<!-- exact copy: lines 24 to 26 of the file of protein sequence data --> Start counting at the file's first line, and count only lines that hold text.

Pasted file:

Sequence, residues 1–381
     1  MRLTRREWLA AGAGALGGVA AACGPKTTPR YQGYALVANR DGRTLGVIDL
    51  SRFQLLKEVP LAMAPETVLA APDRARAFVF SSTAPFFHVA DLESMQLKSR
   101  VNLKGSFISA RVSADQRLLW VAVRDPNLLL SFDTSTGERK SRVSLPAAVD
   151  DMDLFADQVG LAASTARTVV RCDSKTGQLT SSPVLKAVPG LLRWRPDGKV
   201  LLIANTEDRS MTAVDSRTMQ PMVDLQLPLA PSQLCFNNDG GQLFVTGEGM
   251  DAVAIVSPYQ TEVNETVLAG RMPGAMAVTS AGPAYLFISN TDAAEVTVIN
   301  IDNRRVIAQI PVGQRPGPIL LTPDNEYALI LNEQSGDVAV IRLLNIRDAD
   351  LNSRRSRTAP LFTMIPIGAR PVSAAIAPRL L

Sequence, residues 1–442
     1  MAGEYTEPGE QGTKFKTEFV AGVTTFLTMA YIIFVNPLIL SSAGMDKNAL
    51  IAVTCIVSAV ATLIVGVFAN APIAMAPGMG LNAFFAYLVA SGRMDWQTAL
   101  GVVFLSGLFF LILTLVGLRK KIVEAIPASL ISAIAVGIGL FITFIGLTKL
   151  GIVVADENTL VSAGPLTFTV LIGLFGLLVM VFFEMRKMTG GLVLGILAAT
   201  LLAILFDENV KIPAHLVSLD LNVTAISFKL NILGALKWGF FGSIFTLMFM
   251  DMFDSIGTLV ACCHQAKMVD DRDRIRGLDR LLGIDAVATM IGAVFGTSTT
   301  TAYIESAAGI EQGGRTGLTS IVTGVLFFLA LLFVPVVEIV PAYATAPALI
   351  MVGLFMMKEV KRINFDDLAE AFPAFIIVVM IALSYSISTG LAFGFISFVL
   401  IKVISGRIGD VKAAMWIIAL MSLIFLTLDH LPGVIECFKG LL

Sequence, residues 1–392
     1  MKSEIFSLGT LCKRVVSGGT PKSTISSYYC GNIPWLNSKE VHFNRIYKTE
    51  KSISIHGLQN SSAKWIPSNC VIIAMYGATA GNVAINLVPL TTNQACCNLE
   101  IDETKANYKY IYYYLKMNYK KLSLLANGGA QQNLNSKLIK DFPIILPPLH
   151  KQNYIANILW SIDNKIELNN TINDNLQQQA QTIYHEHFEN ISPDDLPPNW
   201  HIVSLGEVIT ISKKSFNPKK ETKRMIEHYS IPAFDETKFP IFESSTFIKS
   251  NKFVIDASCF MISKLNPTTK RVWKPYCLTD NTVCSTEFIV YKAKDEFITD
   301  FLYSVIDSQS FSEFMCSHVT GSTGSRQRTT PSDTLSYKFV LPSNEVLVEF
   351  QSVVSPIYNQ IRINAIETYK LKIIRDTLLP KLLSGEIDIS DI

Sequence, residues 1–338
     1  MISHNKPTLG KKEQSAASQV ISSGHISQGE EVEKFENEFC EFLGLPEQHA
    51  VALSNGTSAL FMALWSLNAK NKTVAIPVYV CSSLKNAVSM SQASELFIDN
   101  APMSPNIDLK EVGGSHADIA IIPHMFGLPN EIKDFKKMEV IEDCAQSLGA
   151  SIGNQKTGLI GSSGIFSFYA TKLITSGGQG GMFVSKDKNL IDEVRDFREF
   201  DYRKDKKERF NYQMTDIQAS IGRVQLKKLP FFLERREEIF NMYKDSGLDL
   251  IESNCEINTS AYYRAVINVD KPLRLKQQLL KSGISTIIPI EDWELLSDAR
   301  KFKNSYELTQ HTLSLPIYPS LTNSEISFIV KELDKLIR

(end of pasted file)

   151  KQNYIANILW SIDNKIELNN TINDNLQQQA QTIYHEHFEN ISPDDLPPNW
   201  HIVSLGEVIT ISKKSFNPKK ETKRMIEHYS IPAFDETKFP IFESSTFIKS
   251  NKFVIDASCF MISKLNPTTK RVWKPYCLTD NTVCSTEFIV YKAKDEFITD